Father’s Day Sketch Man-Thing and Thanos

For Father’s Day this year, I decided to take it back to the old days when I was younger and couldn’t afford to get my old man anything as a gift. Both because I couldn’t afford to get him anything as a gift and because I wanted to make it something a little more personal. I was able to snag movie posters for Wonder Woman and Justice League from my local theater to give him as a regular gift, but I also added in a sketch of his favorite characters to add some flavor.

Man-Thing and Thanos. I’d love to write that team-up. Thanos, pondering nihilistic existentialism while Man-Thing silently teleports him around the multiverse in a bizarre showcase of life and death.

man thanos 002 edit


Comic Book Character Sketches










Black Canary


Booster Gold


Booster Gold


Guy Gardner


Metallo (obviously)



Comic Book Cover of my local comic shop workers at The Tangled Web


The Question

Joe Kubert: More Than A Legend

In the field of illustration, few men make waves the way they once did when they started out.  The true greats blaze a trail until they finally put down the pencil and never grow stagnant with the coming talents.  That was Joe Kubert and with his passing goes a lifetime of incredible gifts he has given us along the way.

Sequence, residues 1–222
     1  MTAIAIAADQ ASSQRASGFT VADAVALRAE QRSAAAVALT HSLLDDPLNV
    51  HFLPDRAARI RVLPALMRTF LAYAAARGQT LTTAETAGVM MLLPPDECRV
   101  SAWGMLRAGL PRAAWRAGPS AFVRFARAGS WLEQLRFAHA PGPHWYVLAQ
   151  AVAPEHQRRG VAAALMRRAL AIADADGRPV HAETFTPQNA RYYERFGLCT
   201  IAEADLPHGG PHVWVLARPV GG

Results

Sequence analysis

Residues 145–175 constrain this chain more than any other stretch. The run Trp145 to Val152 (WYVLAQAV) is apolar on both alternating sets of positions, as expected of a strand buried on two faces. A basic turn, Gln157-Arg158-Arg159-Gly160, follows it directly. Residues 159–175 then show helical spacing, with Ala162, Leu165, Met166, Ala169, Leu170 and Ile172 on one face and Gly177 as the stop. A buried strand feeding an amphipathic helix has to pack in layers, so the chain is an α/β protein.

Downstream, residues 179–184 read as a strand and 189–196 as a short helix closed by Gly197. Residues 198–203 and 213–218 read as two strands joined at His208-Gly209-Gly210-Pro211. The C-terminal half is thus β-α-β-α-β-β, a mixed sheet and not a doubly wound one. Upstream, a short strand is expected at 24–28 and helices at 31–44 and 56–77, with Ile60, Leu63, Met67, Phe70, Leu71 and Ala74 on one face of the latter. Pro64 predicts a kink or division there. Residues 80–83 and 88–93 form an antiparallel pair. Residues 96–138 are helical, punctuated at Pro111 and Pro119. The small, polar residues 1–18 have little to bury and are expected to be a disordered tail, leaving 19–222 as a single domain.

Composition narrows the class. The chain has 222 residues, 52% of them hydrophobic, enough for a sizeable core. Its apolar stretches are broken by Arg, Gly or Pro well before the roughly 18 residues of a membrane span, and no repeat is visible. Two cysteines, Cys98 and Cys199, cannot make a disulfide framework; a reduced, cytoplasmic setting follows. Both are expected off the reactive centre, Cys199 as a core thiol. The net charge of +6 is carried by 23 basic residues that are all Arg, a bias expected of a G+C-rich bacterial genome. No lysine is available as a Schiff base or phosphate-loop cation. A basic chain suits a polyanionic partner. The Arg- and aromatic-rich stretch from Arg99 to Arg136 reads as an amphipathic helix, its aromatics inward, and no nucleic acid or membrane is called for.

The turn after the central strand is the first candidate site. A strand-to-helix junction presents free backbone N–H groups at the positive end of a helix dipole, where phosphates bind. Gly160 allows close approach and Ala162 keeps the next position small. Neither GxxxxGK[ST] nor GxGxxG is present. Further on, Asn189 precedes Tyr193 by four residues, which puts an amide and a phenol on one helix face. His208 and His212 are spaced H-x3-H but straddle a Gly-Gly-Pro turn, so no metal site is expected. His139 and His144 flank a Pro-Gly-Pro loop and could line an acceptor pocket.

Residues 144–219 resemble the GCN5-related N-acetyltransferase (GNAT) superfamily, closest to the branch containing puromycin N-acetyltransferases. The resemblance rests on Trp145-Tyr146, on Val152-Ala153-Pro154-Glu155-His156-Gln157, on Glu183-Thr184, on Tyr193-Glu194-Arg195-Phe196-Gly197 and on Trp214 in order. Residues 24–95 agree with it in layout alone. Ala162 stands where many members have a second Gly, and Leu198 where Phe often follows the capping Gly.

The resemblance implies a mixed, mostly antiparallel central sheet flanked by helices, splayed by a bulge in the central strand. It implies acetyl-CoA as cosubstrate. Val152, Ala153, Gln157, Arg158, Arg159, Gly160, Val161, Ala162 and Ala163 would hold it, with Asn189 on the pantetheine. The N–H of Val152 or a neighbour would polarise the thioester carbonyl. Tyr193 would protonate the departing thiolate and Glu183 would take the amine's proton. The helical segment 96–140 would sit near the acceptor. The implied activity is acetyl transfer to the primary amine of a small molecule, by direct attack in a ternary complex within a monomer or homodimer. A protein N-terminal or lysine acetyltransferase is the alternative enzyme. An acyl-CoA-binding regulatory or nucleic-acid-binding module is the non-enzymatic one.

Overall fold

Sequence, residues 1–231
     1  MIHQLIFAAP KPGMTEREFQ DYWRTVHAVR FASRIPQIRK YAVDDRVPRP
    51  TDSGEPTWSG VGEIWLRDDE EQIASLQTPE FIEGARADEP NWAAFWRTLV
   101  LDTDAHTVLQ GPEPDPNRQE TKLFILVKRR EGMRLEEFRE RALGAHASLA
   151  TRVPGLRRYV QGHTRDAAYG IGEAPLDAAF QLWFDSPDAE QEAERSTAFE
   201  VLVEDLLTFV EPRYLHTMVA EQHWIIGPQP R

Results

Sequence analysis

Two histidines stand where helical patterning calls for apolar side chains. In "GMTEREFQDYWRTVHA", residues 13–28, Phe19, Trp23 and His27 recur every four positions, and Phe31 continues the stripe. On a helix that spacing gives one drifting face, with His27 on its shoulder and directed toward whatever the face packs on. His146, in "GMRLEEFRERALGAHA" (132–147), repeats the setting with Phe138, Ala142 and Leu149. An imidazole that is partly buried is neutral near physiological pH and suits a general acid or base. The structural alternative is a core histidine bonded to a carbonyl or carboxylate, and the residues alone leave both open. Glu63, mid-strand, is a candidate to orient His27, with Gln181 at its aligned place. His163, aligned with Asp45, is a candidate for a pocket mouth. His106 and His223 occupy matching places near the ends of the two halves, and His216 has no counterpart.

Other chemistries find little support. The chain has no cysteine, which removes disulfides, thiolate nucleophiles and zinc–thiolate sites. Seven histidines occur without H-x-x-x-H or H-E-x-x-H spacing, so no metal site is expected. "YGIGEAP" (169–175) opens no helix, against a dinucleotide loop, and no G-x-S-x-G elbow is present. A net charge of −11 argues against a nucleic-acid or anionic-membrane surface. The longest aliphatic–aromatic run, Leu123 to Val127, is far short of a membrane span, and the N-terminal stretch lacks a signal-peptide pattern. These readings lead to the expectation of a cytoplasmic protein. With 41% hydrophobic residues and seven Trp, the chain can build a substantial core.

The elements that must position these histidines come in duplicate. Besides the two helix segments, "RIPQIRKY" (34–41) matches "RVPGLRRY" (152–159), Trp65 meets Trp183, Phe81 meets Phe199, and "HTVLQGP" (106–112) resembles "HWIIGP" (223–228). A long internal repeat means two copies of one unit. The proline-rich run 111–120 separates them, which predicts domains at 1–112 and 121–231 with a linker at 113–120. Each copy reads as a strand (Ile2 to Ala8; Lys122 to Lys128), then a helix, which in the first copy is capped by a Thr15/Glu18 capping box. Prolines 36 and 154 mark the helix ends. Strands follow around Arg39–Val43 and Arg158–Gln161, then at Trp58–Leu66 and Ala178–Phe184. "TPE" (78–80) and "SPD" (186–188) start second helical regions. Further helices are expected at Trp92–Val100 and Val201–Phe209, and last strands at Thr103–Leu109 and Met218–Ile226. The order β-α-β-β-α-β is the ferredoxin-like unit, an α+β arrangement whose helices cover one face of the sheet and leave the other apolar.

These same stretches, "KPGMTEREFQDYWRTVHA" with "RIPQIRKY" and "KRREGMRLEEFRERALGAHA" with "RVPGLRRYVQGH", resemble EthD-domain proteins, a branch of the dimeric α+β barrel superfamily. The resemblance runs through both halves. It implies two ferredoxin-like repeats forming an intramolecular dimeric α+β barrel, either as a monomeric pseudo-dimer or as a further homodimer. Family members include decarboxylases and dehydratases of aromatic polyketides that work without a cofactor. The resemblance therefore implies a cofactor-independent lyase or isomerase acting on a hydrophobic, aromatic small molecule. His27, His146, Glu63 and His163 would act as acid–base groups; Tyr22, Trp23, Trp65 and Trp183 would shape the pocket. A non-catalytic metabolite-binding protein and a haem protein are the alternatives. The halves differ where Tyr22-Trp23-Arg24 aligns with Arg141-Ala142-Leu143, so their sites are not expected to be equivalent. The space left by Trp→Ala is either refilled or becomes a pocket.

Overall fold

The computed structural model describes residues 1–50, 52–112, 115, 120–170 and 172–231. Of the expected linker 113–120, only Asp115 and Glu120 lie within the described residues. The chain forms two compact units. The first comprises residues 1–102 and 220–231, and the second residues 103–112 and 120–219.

Joe Kubert will be remembered for his War stories; for his barbarian stories; for his school.  But he will also be remembered by this artist as a man who kept up with the times and crafted brilliant works of art every day of his life without any show of wear and tear.  Kubert inspired with textured lines and expressive forms to tell some of the most exhilarating stories in the graphic novel medium.  It’s easy to lose the groove or have your style fade with the oncoming artists, but Joe never let his work become dated.  In fact, he used his artistry to empower his strengths as an illustrator by telling stories that not only suited his style, but stories that carried his own voice through each wonderful endeavor.  Stories that only he could tell.

There’s a lot to be said about a man who started a school for comic book illustrators.  A man with two very popular and talented sons that not only work in the industry, but also teach at the school their father started.  A family of individuals with very different styles that came together to work FOR the art.  It’s powerful and it’s the reason why, when I first looked at colleges, the Joe Kubert School of Art was my top pick.  It had never been done before and it was headed by the master himself.  Though I didn’t have the money, I longed for that experience and to this day I still dream of attending.  What masterful things he could have taught me.  What a different artist I would be.